All in all, it’s a good time, and sure beats driving through Labor Day traffic.

If you live in the Dayton area, do you go to the Holiday at Home festival? Or watch the parade on TV? If you’re from elsewhere, what do you do on Labor Day weekend – does your community give you a reason to stay home?

 

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My (Friends’) Town Monday: Schmidt’s Sausage Haus in Columbus

The other day, my husband, daughter and I rode our Harleys up to visit some friends in Columbus, and had the chance to partake in some tasty history there at Schmidt’s Sausage Haus. Located in historic German Village, Schmidt’s is a well-known foodie landmark, thanks in part to the Travel Channel’s Man vs. Food. This is what led us there as well.

We arrived at Schmidt’s around 2PM, hoping such an off time would result in an easy in. We had a half hour wait for our party of five, so we went and checked out Schmidt’s Fudge Shop, across the street, where an integrated paging system would alert us to our table being ready. Once we were seated a half hour later, to the minute, we learned that a half hour wait time at any time on a Saturday was short. Our server told us the typical Saturday wait time, even at 2pm, was two hours!

DH and I pose in the photo frame stand outside the restaurant

However, once we were seated, the wait time was almost nothing. My husband, daughter, and both our friends chose the Autobahn Buffet, which featured four types of sausage, sauerkraut, chicken, potato salad, and tons of choices for traditional salads. The latter was especially appreciated by one of our friends who, in a twist of irony, is vegan. She’d insisted it was no problem to go to Schmidt’s, when we asked, as she’d figured she could get a side salad then something at home later, if need be. No worries – she found plenty to fill up on in the salad bar! Schmidt’s also has Mountain Dew, which is always a plus for me. 🙂

To my surprise, my meal arrived just a few minutes after the others had loaded up their plates at the buffet. I had the Hoffbrau Schnitzel, which was pork tenderloin with mushroom gravy. Yum! But the best part was dessert – our group minus my vegan friend split two of Schmidt’s legendary half-pound cream puffs, which were featured in coconut that day – my favorite! There were four impending food comas afterward, which we managed to shake off by going bowling. Good weather, good ride, good time, good friends, good food. Can’t ask for a better Saturday!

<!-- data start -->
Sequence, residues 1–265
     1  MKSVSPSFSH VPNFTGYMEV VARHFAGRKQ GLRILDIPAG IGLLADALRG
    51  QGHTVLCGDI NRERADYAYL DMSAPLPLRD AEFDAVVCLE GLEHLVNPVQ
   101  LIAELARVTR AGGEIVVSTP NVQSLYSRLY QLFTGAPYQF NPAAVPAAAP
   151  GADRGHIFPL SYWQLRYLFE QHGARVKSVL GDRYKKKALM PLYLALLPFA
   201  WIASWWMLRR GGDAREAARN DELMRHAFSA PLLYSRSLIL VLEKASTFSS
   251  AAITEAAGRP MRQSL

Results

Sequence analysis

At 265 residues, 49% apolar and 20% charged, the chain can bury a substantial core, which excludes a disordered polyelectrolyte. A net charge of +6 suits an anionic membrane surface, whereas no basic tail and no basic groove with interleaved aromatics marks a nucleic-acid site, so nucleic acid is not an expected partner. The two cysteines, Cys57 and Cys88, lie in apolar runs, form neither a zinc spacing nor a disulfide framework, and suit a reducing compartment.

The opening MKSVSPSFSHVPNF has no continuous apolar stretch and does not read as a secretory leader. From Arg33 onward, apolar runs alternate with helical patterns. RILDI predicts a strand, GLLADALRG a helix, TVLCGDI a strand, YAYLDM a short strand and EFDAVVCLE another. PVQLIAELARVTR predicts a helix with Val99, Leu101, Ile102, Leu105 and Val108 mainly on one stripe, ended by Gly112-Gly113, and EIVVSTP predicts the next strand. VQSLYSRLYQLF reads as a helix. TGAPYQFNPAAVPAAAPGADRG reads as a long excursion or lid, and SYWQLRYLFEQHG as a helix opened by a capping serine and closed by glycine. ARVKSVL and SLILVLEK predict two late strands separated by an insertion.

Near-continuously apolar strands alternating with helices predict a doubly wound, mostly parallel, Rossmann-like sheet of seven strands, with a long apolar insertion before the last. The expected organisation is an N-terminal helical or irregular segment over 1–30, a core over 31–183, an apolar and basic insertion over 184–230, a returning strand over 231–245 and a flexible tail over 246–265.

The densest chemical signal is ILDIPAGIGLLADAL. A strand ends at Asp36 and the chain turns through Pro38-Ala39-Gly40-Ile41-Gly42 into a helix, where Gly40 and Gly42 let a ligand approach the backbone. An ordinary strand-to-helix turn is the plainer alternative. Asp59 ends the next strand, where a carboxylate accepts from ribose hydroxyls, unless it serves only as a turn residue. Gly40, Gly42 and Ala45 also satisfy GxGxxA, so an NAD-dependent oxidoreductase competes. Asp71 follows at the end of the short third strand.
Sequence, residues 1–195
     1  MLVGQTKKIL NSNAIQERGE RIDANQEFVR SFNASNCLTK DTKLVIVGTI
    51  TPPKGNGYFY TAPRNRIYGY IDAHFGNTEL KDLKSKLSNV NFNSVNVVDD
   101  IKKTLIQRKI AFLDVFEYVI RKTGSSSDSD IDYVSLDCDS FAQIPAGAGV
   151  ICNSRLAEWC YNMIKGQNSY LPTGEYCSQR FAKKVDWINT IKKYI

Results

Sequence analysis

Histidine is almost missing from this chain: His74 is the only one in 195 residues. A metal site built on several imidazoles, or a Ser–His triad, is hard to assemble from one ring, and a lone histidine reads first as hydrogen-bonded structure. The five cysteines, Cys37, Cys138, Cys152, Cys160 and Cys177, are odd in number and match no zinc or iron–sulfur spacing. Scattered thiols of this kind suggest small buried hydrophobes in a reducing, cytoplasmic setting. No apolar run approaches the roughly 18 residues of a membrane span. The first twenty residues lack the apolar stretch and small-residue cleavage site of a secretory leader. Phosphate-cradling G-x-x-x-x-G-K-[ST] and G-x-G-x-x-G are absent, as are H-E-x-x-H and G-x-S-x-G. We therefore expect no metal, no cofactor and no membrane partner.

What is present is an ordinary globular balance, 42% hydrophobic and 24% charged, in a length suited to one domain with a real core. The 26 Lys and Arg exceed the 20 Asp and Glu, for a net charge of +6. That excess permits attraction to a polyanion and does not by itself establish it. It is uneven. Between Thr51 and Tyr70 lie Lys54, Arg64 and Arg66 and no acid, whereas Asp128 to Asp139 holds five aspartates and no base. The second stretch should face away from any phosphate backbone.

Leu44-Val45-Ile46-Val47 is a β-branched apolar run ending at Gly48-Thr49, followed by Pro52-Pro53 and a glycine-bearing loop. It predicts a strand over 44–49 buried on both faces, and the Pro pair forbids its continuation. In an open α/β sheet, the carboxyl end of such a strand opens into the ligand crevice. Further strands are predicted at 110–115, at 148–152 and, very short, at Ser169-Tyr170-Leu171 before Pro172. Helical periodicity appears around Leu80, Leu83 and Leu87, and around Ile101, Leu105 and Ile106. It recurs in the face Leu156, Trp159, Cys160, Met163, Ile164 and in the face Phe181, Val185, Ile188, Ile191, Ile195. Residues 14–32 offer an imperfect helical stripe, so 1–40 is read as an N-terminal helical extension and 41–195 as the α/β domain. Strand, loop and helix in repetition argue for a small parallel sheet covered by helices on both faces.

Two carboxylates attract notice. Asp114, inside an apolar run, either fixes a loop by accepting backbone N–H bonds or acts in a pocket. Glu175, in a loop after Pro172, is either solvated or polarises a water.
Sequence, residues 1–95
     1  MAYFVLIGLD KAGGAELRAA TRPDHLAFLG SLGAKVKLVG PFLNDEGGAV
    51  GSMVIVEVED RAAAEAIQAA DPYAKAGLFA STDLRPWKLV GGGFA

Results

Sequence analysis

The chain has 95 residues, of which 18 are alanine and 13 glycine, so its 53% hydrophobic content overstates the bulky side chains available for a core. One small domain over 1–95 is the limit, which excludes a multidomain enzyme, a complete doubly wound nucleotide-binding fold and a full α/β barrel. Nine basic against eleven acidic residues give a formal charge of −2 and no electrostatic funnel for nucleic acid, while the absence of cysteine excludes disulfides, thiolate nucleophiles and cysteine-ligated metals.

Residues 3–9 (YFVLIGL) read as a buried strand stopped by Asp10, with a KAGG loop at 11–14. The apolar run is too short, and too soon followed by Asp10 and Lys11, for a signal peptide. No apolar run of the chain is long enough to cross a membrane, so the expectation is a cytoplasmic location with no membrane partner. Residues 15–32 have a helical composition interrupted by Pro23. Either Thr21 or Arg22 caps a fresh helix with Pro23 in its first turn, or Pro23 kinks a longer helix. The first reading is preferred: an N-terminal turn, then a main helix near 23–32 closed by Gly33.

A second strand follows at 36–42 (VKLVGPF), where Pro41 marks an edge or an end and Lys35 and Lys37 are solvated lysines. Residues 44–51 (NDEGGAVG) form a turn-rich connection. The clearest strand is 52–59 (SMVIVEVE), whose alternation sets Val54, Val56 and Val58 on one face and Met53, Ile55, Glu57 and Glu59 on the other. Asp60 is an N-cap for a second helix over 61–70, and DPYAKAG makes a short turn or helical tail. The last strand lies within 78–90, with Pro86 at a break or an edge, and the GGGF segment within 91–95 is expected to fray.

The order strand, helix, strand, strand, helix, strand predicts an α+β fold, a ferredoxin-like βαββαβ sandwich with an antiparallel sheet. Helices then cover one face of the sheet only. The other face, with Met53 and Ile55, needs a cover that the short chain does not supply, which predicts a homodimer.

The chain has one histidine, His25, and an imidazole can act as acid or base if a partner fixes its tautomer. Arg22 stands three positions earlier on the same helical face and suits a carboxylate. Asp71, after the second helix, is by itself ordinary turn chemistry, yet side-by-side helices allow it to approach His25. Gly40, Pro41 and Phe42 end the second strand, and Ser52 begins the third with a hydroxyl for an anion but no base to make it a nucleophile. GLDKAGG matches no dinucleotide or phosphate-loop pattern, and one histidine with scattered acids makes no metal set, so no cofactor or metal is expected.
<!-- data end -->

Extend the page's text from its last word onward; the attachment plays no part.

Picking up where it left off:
There are a couple other restaurants in Columbus that have been featured on Man vs. Food, which is one of my family’s favorite shows, so we plan to visit those in the future. Dayton has yet to be featured on a show like this. Has your hometown had any local eateries featured on a national TV show, and if so, have you been there?

Blessing of the Bikes – a Blending of Motorcycles and Faith

For once, it wasn’t raining, I didn’t have a migraine, and I didn’t have tons of other stuff to do yesterday. And, it was the Blessing of the Bikes , rescheduled from last week due to – surprise! – rain. I finally got out my Harley for the first time this year (see above as to why) and took off with DH and a bunch of our AMVETS friends.

This was the 11th year for the Blessing in Dayton, and the third time I’ve gone since I got my motorcycle five years ago (last year, it rained, and the year before that I wasn’t feeling well). My husband has been going almost since it began.

Every year, there are thousands of motorcycles there. It seems to get bigger each year. In addition, there are food apparel, and accessories vendors, live entertainment, and a custom bike show. This year, there was a Shriners group with historic Shriners bikes and an antique paddy wagon on display – very cool! I tried to get them to arrest my husband, but they wouldn’t take him.

The main component to the event is, of course, the blessing. It begins with a series of prayers, asking for divine protection and a safe riding season. They’re Christian, but people of all faiths are welcome at the event and no one seems to mind. Then, priests walk up and down the aisles of motorcycles and toss holy water on them and the riders. My husband asked for – and got – an extra splash – appropriate, considering his often crazy job of leading funeral processions.

All they ask for this is a $2 donation. Here in the Dayton area, that goes to two worthy charities: Ambucs, which provides scooters and trikes to people with mobility impairments, and A Special Wish Foundation, which grants wishes to terminally-ill children.

Afterward, a lot of people head out to after-blessing parties. DH and I went shopping for yard stuff, then home. Curious, I looked up the blessing. It turns out that the first Blessing of the Bikes happened in New York City in 1999, and was for bicycles. (It was held in a cathedral, so that might have been a problem for motorcycles.) Like our current version in Dayton, the blessing was conducted by Catholic priests, but the event was open to riders of all faiths. There are now blessings held world.

Do they hold the Blessing of the Bikes in your home town – and is it for motorcycles, or bicycles? Or if you live in the Dayton area, did you attend? Or if you don’t have a motorcycle, would you if you did? Got any info on other fun motorcycle events DH & I should check out this summer?